|Publication number||US513949 A|
|Publication date||Jan 30, 1894|
|Filing date||May 9, 1892|
|Publication number||US 513949 A, US 513949A, US-A-513949, US513949 A, US513949A|
|Inventors||Edwaed H. Munson|
|Export Citation||BiBTeX, EndNote, RefMan|
|Referenced by (11), Classifications (1)|
|External Links: USPTO, USPTO Assignment, Espacenet|
v (No Model.)
E. H. MUNSON.
I CONNECTOR FOR ELECTRIC WIRES. I No. 513,949. I Patented Jan. 30, 1894,
fl ng UNITED, STATES PATENT OFFICE.
EDWARD H. MUN SON, OF NEW BRITAIN, CONNECTICUT.
CONNECTOR FOR ELECTRIC WIRES.
SPECIFICATION forming part of Letters Patent No. 513,949, dated January 30, 1894.
Application filed May 9, 1892. Serial No- 432,297. (No model.)
To all whom it may concern.-
Be it known that I, EDWARD H. MUNSON, of New Britain, in the county of Hartford and State of Connecticut, have invented a new Improvement in Coupling Devices for Electric Wires; and I do hereby declare the following, when taken in connection with accompanying drawings and the letters of reference marked thereon, to be a full, clear, and exact description of the same, and which said drawings-constitute part of this specification, and represent, in
Figure 1, a view in longitudinal central section of one form whicha coupling constructed in accordance with my invention may assume; Fig. 2, a view thereof in transverse section on the line ab of Fig. 1,1ooking toward the ends of the coupling-springs; Fig. 3, a detached view, on a reduced scale, of the two wires and their coupling connections, exclusive of the means provided to make the joint water-tight.
Heretofore electric-light wires have generally been coupled by joining their ends together, and then excluding moisture from them by inclosing them in an envelope of fabric, applied in long strips, which are wound around the wires by hand. The objection to making joints as above described is, that it requires skill and time, so that frequent and necessary testing of the wires of almost any electric system, requires so many men, and occupies so much time, as to be a heavyitem of expense.
The object of my invention is to produce aninexpensive and efiective water-tight coupling, which may be broken and remade with the facility of hose or kindred coupling devices, whereby the expenses of testing the wires of an electric system, may be greatly reduced.
With these ends in view, my invention consists in a shell applied to the end of one'wire, and a plug applied to the end of the other wire, and adapted to enter the open end of the shell, and having a soft packing so as to exclude moisture therefrom, the ends of the two wires being connected within the shell. My invention further consists in certain details of construction and combinations of parts, as will be hereinafter described, and pointed out in the claims.
As herein shown, the end of the wire A, is provided with a long cylindrical shell B, preferably made of hard-rubber, and having one end open and the other end closed, except for a threaded perforation C, through which the end of the Wire A, passes, the extreme inner end of the said wire being threaded into a metal head D, the rear end of which is provided with a shoulder D, to which the shell B, is fitted, whereby the same is prevented from being drawn endwise off from the wire A. The threaded connection between the shell and wire, secures a water-tight joint at that end of the shell. A tube E, secured at its inner end in an annular rabbet groove D formed in the said head D, fits tightly within the shell, and extends nearly to the outer end thereof. This tube is not anessential feature of our improved device, but it strengthens the same, and also affords an additional conduit for the current. The end of the wire A, is provided with a plug, consisting of a metal coupling-head F, into which the end of the wire is threaded, and a packing G, of soft rubber, encircling the outer end of the said head, and adapted in size to close the outer end of the shell, the outer end of the packing being provided with a flange G, which fits into a flaring seat B, formed'in the said end of the shell. A flange F formed at the inner end of the coupling-head F, is adapted in diameter'to fit closely into the tube E, to prevent the plug from playing therein, and also'for relieving the outward strain upon the packing G, which packing is securedin position by means of a flange F formed at the extreme outer end thereof. The extreme inner end of the'said head is provided with a knob F under-cut at its base, so as toreceive the inwardly bent ends of four coupling-springs II, the opposite ends whereof are secured to a neck I, formed at the inner end of the head D, the said neck being cylindrical, and each of the springs being approximately quadrantal in transverse section, as shown by Fig. 3 of the drawings. The said neck I, and head D, are longitudinally chambered, as at J, to receive a longitudinally movable contact-piece, which is shaped at one end to form a shank K, fitting closely within the said chamber, and at the other end to form a'cup K, which receives the convex too face of the knob F before mentioned. A spring L, located in the bottom of the chamber, engages with the shank K, of the said contact-piece, and exerts a constant tendency to push the same toward the open end of the shell, whereby the said piece is automatically engaged with the knob of the plug, so as to insure electrical connection between the ends of the two wires, through the coupling; it is not necessary, however, to use this contactpiece inasmuch as if it were dispensed with, the current would flow one way or the other through the tube E, and springs H, but the use of the contact-piece affords an ample conduit, so to speak, for the current, whereas the tube and springs alone would oifer more resistance, unless made very heavy, than the wires, which would be undesirable.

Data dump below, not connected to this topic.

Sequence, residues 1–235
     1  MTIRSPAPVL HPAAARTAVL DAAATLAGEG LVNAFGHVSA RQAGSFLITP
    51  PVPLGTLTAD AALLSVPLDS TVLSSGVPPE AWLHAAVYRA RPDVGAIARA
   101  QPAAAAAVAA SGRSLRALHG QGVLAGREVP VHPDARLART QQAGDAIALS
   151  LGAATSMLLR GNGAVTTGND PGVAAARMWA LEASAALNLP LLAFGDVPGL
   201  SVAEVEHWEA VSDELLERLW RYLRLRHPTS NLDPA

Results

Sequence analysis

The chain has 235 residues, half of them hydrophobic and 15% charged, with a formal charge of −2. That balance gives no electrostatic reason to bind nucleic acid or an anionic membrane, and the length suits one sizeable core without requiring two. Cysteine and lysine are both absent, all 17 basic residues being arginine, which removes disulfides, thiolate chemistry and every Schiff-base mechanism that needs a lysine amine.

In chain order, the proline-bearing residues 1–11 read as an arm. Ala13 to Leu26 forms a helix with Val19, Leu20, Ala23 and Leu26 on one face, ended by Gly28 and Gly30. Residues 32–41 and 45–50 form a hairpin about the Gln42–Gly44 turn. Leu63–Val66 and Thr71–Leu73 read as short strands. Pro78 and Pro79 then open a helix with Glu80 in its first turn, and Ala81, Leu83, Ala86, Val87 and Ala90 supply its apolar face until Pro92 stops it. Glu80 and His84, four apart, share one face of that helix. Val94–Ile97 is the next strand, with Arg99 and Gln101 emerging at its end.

The inwardly turned ends of the couplingsprings H, prevent the contact-piece from being displaced by means of its spring L.